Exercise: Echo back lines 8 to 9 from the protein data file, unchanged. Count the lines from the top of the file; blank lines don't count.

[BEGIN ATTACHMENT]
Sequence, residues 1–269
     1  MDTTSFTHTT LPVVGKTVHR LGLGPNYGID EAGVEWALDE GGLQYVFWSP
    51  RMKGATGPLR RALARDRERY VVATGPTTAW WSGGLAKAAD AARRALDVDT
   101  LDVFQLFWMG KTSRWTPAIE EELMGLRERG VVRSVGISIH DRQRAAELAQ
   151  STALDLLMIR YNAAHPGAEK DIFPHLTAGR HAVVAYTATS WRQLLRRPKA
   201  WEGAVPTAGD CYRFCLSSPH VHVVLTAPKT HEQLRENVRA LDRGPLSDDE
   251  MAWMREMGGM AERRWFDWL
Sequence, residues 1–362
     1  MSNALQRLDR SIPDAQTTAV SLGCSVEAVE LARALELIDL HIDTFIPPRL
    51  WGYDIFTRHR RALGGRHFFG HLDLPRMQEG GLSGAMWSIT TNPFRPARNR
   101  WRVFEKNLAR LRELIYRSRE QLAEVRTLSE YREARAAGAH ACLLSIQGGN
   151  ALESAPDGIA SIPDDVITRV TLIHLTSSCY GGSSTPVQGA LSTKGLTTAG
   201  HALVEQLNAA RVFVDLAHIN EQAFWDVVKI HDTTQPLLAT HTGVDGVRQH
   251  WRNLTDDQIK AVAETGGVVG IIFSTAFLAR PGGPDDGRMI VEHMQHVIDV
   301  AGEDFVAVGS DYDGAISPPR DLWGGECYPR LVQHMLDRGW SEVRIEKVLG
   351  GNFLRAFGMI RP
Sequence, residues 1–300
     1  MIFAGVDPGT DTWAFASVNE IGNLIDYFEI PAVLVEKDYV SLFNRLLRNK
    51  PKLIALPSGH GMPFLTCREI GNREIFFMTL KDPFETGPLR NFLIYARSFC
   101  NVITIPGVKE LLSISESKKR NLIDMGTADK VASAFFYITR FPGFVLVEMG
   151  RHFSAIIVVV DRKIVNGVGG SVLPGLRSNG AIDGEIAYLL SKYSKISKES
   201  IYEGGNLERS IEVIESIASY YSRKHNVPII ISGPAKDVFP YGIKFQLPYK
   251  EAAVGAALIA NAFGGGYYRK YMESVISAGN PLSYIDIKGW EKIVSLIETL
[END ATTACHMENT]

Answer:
Sequence, residues 1–362
     1  MSNALQRLDR SIPDAQTTAV SLGCSVEAVE LARALELIDL HIDTFIPPRL